Reykjanes volcano eruption update

On Monday afternoon, 10 July 2023, a new volcanic eruption started on the Reykjanes peninsula in southwest Iceland. This is the 3rd year in a row that an eruption has taken place in this area.

Read on to find out the latest info and updates about this exciting event.

The Fagradalsfjall volcano erupting in Iceland

Frequently asked questions

1. Where was the new volcano eruption in Iceland?

The 2023 eruption took place near the peak of Litli-Hrútur, a mountain close to the center of the Reykjanes peninsula.

Litli-Hrútur is just northwest of the previous 2 eruptions sites. The 2021 eruption was close to the Fagradalsfjall mountain, while the 2022 eruption was slightly further north in the Meradalir valley.

2. Is the volcano still erupting?

No, the volcano has stopped erupting and is no longer active. The eruption lasted less than a month. 

By comparison, the 2022 eruption lasted 6 months, while last year’s smaller eruption went quiet after 3 weeks.

3. Did the new volcano eruption affect flights?

Since no ash was detected, international flights to and from Reykjavík's Keflavík International Airport were not affected. Domestic flights were also running as usual during the eruption.

4. Was the new eruption dangerous?

Luckily, the eruption was contained in a remote area, about 30 km (19 mi) from Iceland’s capital, Reykjavík. According to the IMO (Icelandic Meteorological Office), there was no risk to nearby communities or infrastructure.

5. Can I visit the new eruption site?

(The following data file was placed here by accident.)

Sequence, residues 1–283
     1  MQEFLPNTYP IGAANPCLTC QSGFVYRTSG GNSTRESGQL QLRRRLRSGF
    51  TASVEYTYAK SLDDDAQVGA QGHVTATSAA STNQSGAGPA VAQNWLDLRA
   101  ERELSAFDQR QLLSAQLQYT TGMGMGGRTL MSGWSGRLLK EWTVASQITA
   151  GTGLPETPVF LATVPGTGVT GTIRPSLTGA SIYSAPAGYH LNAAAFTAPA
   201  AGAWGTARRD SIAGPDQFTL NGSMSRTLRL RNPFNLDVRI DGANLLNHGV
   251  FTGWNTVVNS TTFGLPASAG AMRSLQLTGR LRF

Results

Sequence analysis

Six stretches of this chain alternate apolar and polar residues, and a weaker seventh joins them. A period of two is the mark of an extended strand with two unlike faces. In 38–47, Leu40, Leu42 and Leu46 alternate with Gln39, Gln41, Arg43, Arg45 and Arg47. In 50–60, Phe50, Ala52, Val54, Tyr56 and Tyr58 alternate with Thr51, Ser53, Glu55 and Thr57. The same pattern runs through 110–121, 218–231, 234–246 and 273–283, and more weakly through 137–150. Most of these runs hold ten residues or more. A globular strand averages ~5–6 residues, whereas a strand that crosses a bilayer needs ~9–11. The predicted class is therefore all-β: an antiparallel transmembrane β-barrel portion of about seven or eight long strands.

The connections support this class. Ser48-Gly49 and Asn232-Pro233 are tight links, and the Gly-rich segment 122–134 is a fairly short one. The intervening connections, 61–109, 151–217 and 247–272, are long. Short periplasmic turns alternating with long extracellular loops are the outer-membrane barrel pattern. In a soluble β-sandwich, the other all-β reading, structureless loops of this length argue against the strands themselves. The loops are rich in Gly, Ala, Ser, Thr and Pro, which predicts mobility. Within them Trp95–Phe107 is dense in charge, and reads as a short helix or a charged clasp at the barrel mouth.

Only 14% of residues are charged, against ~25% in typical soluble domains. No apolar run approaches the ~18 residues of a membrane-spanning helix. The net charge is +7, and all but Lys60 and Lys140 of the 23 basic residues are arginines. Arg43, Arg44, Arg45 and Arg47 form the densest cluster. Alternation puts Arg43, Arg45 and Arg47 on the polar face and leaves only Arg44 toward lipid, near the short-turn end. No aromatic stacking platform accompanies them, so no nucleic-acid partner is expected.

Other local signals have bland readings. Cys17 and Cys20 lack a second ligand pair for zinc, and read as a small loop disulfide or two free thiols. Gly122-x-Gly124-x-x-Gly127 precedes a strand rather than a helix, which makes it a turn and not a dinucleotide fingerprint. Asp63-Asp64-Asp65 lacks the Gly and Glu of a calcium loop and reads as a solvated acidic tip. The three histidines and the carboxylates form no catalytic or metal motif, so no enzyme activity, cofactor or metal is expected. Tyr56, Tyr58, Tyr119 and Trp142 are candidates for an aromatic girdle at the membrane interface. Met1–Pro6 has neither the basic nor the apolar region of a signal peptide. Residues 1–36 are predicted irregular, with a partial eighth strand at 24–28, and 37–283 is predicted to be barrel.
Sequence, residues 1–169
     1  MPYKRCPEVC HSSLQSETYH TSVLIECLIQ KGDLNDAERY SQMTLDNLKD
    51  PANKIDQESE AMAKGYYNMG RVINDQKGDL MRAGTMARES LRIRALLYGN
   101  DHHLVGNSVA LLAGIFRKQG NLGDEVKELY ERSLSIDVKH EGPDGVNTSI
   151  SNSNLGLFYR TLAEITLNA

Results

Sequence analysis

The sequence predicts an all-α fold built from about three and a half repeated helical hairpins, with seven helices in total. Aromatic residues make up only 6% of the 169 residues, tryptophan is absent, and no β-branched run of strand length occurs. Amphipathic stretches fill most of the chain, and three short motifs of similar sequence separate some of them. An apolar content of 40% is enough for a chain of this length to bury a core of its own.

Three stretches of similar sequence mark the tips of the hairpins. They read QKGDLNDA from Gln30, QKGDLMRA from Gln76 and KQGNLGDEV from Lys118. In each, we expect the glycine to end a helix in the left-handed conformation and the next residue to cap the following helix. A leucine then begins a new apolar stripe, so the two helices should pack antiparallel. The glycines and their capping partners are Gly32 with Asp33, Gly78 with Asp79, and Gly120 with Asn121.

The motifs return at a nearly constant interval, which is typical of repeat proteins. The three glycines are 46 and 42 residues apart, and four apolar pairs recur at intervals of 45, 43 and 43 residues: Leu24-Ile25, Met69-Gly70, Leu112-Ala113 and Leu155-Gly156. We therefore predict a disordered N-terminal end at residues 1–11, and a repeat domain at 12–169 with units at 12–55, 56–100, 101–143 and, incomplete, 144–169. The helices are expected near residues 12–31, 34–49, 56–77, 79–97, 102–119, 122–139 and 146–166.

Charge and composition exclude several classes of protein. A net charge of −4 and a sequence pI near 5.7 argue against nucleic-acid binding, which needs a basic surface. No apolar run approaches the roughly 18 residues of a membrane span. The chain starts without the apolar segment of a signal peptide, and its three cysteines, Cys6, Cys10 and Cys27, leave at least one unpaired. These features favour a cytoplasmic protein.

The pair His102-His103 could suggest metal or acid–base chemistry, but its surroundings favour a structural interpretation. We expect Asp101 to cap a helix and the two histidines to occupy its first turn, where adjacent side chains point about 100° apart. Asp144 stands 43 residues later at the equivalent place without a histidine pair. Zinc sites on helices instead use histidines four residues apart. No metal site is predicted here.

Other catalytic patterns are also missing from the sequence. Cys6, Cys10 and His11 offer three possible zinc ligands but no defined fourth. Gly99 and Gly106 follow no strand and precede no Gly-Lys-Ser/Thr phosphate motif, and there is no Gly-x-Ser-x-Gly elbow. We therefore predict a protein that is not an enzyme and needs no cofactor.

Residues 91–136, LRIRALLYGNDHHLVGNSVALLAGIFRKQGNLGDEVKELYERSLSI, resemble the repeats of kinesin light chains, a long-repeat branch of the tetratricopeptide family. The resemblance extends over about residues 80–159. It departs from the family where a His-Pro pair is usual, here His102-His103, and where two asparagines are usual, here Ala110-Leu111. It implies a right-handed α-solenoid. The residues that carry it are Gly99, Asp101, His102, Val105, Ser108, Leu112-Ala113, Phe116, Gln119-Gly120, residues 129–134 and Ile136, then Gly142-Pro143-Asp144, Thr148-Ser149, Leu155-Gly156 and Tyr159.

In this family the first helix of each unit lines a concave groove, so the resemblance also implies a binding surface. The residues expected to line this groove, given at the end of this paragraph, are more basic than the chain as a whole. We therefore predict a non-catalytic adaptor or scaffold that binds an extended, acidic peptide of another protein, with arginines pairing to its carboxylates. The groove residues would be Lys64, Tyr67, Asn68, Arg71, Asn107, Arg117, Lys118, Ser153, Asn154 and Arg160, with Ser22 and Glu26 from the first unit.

The Icelandic authorities have created a hiking trail leading to the eruption site and Litli-Hrútur is now open to visitors. That said, we strongly advise you not to visit the active volcano without an experienced guide. The volcanic landscape near Litli-Hrútur mountain is unpredictable, and new fissures could open up at any point.

Also, depending on the wind direction, smoke and fumes coming from the eruption site can build up in the area. This means that it's especially dangerous for children and people with respiratory conditions to be there. Please visit the Icelandic Met Office website for updates on the levels of gas pollution before you go.

With Iceland Tours, you can witness the newest eruption from above on a helicopter tour. Seeing the eruption from a bird’s eye view is one of the best ways to experience this incredible event.

Or if you’d like to walk around the eruption site, you can join a guided volcano hike. It’s much safer to visit the area with a trained expert who is familiar with this type of environment than to go on your own. However, be aware that this walk is long and strenuous, taking around 4–6 hours to complete. So you need a very good level of fitness.

Due to evolving conditions, the eruption site may be opened and closed at short notice. The progression of the eruption and weather change from day to day. Please respect the advice issued by local authorities.

6. Where can I find out more about the eruption?

You can get up-to-date safety info from the Safetravel Iceland website. If you’re currently traveling in Iceland, we recommend signing up for their text message alerts and notifications here.

For the latest news in English visit RÚV, the Icelandic state broadcaster. If you’d like updates on visiting the eruption site, including hiking and parking info, check the Visit Reykjanes website. 

7. Can I go and see where the previous eruptions happened?

Fagradalsfjall and Meradalir are worth checking out and they’re open to visitors. But keep in mind that they’re very close to the new eruption and you should take all the safety precautions we mentioned above before you go.

Once you’re there, you'll be able to explore their freshly formed lava fields on a guided volcano excursion. This will allow you to take part in the unique experience of hiking to a volcano with an expert guide!